A History of Violence is 66-percent good and 33-percent bad, and don’t ask me where that other 1-percent is because I just don’t know. What begins as a taut, hung strung thriller that keeps you on pins and needles turns into a choppy and inexplicably humorous film before returning to the distressing storyline it left only 30 minutes earlier.
Viggo Mortensen turns in a fantastic performance as Tom Stall, a happily married man living in the small town of Millbrook, Indiana with his beautiful wife (Maria Bello) and two children. Owner of a small diner in town Tom’s life is a picture of perfection, almost stomach churning perfection at times, but all that is about to change as picking up garbage in front of his diner will become the least of his worries. It is what is about to happen inside the diner that will draw all the attention.
When two men enter through the front door Tom’s life is about to change. Attempting to rob the diner with brutal force and guns drawn something is triggered in the back of Tom’s mind and his mysterious past is brought into the limelight. Tom dispenses of the two men with ease, emptying bullets to the body and face the robbers are left for dead and Tom is hailed a hometown hero as his face makes the rounds on the national news. Who would have thought that an act of heroism could stir up so much trouble?
Enter Carl Fogaty (Ed Harris) a man from Philadelphia who believes Tom is not the simple man he claims to be; in fact he doesn’t believe he is Tom at all. As the gun smoke clears acts of heroics are pushed aside and Tom and his family soon find themselves struggling between right and wrong in this physically, sexually and emotionally brutal tale and if it wasn’t for one misstep this would be a huge hit.
I don’t want to giveaway the ending by any stretch so I can’t exactly go into where the film goes wrong because it is in the 20 minutes leading up to the end that had me so frustrated, but once those 20 minutes are over it returns to the complicated and conflicted family dynamic that was torn apart earlier in the feature.
On a positive note, as I mentioned earlier, Viggo Mortensen turns in a wonderful performance as our leading man. So much is demanded of his character with dramatic emotional ups and downs, yet he manages to stand out, even when his co-stars seem to be faltering, namely William Hurt. Hurt does exactly just that; he “hurt” this film in every way imaginable. He is given a role that he simply can’t pull off, he can’t even see past the script far enough to begin playing this role and it is a damned shame.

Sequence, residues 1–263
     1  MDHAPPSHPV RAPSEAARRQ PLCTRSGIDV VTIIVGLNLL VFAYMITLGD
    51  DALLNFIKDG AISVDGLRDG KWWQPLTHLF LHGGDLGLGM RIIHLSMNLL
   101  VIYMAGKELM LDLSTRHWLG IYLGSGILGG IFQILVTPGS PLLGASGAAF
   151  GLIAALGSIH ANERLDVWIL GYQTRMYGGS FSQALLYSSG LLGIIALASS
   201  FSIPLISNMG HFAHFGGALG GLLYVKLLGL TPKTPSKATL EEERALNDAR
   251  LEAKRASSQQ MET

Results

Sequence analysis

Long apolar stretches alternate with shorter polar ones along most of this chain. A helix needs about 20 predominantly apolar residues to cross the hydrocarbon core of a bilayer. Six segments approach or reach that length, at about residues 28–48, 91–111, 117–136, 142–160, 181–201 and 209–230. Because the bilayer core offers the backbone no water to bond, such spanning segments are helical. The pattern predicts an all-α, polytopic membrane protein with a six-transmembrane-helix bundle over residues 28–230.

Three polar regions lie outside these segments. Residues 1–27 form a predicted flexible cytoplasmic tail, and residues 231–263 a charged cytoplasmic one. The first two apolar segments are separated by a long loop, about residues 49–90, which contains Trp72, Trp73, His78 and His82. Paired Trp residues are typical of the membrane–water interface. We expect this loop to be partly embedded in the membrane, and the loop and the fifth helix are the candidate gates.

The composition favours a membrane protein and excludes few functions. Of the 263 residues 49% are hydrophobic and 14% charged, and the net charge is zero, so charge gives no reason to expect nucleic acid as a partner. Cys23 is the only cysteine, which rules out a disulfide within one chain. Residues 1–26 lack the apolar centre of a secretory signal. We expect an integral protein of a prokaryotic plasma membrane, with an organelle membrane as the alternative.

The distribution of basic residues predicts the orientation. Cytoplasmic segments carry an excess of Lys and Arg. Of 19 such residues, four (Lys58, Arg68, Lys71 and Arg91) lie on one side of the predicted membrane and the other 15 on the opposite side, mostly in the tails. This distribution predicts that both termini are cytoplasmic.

On an alternate note, Maria Bello does manage to keep audience interest as Tom’s wife, Edie Stall, whose character is forced into just as dramatic emotional tolls as Tom, yet from the feminine perspective. Bello is the female voice in a masculine feature, a feature filled with violence and gore, yet her performance manages to steer the emotions in the opposite direction when necessary, but the other blip on the Violence radar are her kids.
Now I am not talking about Bello’s real-life child, rather the two youngsters playing her children in the film. Now I know tearing into child actors is not exactly the moniker of good film criticism, but these two just didn’t do it for me and their time on screen seemed so forced that the realism seemed to drain a bit in a film that had a high sense of it.
A History of Violence follows a simple plot and has its share of cliche moments. I have already mentioned there is a 20 minute tangent that keeps this movie from being an “A” feature but I do think it is a tangent that 50-percent of the audience won’t mind, some of you may actually find it refreshing for a moment, but it just didn’t fit the bill in my case.
Director, David Cronenberg certainly isn’t afraid to take his violence to the next level and he does that again with this movie as he mixes the violence and emotion to such a level several will consider it disturbing, but all-in-all I found it to be a breath of fresh air in a world where watered down features have become all to traditional. What’s the matter with a little blood anyway? Why not show a man’s face completely torn off as one final cough escapes his body? Yeah gore fans you will have a chance to see it all in A History of Violence, just be ready for a few plot twists and turns that may do the same thing to your opinion of the movie.